If that legal action is successful, Yahoo would be up for a maximum bill in excess of a trillion dollars and potentially be stopped from scanning email to generate advertising. This would be catastrophic. I should note that Yahoo is not the only large scale provider subject to this kind of action.

Yahoo’s share price has tripled since Marissa took over, but revenue has remained flat. However just this week it took an 8.7% percent battering on the back of disappointing fourth quarter results. Analysts hold hope for the stock, not because the company is a shining example of a modern technology masterpiece, but because it part owns Alibaba, a Chinese e-Commerce company that is worth more than it’s weight in gold.

There is an expectation that Yahoo will sell all or part of that investment raising somewhere around $120 billion USD at some point in the future. Of course, none of that does anything for Yahoo’s flat revenue stream.

Yahoo has announced very recently that it intends on getting back into the search game. This despite taking a pasting from Google in the past. There is nothing new and innovative here at all, it simply shows that Yahoo is an old dog with no new tricks. Trying to dismantle Google’s search stranglehold will be a titanic task that will cost hundreds of millions of dollars with little chance of success.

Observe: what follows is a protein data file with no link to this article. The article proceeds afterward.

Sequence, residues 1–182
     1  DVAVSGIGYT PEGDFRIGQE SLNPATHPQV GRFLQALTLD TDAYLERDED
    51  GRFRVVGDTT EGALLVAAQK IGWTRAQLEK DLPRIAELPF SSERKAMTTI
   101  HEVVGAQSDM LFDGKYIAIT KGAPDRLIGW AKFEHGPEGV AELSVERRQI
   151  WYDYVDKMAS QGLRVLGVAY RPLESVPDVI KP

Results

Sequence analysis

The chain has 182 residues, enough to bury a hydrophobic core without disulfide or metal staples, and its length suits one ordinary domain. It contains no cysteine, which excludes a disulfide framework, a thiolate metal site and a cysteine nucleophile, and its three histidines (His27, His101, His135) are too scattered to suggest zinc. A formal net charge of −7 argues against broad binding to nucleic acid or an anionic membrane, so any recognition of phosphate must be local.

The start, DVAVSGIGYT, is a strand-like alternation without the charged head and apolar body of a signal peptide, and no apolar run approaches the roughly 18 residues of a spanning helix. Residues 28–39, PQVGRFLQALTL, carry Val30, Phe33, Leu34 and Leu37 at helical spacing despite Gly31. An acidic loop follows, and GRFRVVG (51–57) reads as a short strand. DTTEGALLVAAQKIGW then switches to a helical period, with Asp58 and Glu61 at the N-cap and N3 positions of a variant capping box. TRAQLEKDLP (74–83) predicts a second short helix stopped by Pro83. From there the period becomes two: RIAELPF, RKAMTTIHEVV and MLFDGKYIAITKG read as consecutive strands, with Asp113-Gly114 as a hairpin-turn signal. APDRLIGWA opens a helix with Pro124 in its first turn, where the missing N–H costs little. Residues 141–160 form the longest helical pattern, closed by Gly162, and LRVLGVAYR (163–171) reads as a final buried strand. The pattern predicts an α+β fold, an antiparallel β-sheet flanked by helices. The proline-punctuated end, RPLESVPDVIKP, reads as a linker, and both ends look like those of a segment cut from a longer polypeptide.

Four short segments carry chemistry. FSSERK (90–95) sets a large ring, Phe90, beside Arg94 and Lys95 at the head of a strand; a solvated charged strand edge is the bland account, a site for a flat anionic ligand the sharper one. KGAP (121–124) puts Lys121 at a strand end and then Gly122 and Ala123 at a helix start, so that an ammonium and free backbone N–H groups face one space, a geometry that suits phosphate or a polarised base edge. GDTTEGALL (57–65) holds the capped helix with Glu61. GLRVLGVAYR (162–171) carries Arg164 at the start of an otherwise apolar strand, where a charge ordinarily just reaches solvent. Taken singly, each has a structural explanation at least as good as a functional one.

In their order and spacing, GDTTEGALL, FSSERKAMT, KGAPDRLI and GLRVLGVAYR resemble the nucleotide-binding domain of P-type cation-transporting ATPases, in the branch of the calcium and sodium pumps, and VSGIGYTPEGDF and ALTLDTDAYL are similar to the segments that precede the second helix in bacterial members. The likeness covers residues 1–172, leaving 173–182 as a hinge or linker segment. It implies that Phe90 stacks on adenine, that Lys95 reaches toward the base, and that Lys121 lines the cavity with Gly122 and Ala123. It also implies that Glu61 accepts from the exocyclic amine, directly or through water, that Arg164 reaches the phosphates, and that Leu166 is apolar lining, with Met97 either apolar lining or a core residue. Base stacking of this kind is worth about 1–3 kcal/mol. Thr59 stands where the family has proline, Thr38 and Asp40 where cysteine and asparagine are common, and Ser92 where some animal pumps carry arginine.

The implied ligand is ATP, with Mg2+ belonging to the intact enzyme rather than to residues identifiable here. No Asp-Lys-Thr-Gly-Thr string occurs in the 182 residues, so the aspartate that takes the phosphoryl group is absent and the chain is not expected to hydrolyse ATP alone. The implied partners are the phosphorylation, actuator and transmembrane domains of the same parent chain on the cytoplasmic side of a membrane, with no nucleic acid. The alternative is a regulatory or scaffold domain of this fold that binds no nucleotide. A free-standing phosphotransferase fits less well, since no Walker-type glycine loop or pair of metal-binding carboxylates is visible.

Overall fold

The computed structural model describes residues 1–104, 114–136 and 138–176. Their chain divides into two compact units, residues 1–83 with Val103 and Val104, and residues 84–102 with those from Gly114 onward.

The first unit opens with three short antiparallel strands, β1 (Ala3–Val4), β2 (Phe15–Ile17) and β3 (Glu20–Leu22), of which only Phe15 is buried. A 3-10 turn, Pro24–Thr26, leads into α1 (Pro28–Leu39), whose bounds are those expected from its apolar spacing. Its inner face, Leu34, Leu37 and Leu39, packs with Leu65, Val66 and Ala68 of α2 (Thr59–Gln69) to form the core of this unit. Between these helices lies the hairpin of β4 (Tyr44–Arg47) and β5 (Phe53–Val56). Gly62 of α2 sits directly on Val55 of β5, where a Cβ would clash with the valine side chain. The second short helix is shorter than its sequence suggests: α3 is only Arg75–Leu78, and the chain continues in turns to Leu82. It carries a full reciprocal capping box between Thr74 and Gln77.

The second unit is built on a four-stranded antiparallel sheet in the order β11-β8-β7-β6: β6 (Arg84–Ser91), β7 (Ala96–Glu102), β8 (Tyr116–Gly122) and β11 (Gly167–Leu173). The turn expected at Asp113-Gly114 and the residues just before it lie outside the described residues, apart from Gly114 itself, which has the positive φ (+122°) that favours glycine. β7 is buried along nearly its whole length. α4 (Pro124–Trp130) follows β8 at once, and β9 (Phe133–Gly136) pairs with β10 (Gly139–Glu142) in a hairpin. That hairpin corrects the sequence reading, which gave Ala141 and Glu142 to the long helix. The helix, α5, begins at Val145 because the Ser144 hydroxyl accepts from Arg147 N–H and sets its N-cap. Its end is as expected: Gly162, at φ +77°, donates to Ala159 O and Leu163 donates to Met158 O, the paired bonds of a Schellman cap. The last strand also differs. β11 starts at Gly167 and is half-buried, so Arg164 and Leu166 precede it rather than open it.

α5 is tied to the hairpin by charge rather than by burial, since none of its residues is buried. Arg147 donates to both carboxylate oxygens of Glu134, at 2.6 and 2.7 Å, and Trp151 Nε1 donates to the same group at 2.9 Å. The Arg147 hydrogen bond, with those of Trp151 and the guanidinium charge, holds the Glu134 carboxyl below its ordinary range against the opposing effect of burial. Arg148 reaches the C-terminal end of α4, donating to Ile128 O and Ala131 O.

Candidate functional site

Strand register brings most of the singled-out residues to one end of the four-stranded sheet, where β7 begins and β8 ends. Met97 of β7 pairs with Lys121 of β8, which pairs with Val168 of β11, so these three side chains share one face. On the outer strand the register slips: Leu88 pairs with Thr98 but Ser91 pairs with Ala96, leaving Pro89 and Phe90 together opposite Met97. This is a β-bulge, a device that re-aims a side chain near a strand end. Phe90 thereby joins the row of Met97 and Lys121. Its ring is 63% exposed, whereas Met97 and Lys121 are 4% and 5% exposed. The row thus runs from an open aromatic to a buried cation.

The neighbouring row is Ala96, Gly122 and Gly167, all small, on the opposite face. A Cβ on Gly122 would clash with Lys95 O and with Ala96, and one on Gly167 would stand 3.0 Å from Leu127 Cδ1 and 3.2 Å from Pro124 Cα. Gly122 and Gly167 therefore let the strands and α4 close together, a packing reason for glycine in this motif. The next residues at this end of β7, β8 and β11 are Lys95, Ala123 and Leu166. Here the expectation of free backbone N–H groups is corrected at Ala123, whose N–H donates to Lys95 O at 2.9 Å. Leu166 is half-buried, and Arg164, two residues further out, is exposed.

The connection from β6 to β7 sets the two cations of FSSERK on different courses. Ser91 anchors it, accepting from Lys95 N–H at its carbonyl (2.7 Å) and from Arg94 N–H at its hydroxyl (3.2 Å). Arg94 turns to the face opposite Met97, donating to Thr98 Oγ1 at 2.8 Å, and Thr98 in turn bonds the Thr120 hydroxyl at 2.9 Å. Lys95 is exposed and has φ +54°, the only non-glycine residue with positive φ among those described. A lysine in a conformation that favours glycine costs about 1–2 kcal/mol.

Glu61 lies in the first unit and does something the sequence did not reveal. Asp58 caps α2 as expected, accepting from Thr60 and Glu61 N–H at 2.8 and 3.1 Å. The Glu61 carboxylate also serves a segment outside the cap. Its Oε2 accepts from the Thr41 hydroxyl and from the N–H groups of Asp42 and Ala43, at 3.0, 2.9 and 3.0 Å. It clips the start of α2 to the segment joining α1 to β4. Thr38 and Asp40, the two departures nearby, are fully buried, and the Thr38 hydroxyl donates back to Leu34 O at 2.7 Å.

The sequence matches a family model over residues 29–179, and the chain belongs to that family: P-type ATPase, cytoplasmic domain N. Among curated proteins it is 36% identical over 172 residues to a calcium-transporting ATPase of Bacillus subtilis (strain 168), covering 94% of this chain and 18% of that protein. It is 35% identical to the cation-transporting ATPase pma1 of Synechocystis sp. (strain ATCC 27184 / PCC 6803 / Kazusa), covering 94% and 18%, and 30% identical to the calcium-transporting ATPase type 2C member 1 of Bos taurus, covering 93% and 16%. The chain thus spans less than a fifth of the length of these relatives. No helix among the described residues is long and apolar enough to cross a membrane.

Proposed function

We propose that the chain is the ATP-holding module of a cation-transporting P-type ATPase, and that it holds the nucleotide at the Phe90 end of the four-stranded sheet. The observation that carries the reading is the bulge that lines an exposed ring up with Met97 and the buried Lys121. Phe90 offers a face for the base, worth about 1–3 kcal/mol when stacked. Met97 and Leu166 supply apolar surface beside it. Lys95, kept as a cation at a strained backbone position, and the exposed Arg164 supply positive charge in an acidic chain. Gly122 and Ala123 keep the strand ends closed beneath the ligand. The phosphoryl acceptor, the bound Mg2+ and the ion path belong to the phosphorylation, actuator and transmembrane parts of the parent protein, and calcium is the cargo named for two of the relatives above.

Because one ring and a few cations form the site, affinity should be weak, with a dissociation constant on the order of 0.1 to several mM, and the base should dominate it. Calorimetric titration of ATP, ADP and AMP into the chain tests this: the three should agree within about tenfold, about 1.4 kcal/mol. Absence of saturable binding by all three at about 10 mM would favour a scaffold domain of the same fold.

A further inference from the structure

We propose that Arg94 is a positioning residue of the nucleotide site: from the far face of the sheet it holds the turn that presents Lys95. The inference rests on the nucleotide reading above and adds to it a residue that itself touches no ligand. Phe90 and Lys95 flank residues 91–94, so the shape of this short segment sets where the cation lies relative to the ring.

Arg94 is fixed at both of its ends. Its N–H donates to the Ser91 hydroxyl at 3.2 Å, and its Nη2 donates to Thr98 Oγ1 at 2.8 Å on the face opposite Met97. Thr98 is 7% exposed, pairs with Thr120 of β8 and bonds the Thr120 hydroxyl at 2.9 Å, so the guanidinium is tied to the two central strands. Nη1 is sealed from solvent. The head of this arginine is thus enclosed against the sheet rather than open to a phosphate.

Here’s another example. Yahoo has no Cloud services currently, but is rumoured to be working on them. It’s too late. The market is captured and unless Yahoo comes up with some incredibly new and innovative service it will fail. You can’t compete with Google, Amazon, Microsoft, DropBox, and Box along with the other multinationals coming late to the party such as HP and IBM. Why try?

Yahoo’s time appears to be over. With flat revenue, an old business model, and an insistence on trying to regurgitate old ideas that the market has already captured, it can only be a matter of time before it starts to disintegrate. It is an example of a monolithic technology company competing in a market full of light weight startups and heavy-hitters that learned long ago to embrace change.